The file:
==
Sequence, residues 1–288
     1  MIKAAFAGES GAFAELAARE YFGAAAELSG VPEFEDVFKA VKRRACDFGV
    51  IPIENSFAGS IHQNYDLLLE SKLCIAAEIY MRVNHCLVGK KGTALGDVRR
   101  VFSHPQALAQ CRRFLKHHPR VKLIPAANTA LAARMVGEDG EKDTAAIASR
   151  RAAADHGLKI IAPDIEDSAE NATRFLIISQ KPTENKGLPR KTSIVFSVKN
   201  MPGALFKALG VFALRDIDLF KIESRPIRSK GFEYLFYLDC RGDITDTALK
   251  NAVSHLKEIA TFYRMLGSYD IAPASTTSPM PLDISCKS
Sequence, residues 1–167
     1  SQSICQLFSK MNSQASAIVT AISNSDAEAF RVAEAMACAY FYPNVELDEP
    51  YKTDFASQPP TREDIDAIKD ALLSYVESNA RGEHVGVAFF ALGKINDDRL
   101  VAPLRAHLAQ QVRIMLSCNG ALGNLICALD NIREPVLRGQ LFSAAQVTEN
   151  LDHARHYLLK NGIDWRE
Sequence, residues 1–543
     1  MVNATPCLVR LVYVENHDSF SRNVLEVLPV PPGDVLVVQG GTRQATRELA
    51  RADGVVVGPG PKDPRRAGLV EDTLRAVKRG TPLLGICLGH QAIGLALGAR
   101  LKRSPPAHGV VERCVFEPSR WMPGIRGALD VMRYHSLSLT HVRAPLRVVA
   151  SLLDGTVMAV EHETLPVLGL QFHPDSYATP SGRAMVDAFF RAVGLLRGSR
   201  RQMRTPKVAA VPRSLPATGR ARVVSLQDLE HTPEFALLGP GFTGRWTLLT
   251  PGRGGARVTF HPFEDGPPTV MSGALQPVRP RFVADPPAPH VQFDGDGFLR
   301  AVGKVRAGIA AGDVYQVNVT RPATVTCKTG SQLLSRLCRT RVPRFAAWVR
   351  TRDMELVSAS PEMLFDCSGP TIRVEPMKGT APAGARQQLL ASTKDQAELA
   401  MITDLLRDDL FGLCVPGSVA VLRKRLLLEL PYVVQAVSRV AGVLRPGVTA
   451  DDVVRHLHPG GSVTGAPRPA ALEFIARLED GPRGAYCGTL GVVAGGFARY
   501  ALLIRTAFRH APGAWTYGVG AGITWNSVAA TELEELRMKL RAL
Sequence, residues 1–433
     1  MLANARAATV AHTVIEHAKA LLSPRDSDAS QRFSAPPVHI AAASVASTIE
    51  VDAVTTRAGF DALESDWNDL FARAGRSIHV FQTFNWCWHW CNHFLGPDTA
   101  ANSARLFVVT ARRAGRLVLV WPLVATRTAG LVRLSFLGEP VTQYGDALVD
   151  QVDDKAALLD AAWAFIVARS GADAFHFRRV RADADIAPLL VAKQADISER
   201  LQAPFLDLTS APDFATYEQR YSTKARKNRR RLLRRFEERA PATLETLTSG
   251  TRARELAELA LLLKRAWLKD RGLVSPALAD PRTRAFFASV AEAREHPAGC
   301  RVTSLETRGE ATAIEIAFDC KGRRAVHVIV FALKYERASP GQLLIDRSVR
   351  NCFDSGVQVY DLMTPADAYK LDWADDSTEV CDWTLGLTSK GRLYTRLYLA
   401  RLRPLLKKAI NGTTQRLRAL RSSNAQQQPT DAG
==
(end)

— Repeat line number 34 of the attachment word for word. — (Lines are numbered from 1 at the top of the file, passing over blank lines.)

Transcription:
   401  RLRPLLKKAI NGTTQRLRAL RSSNAQQQPT DAG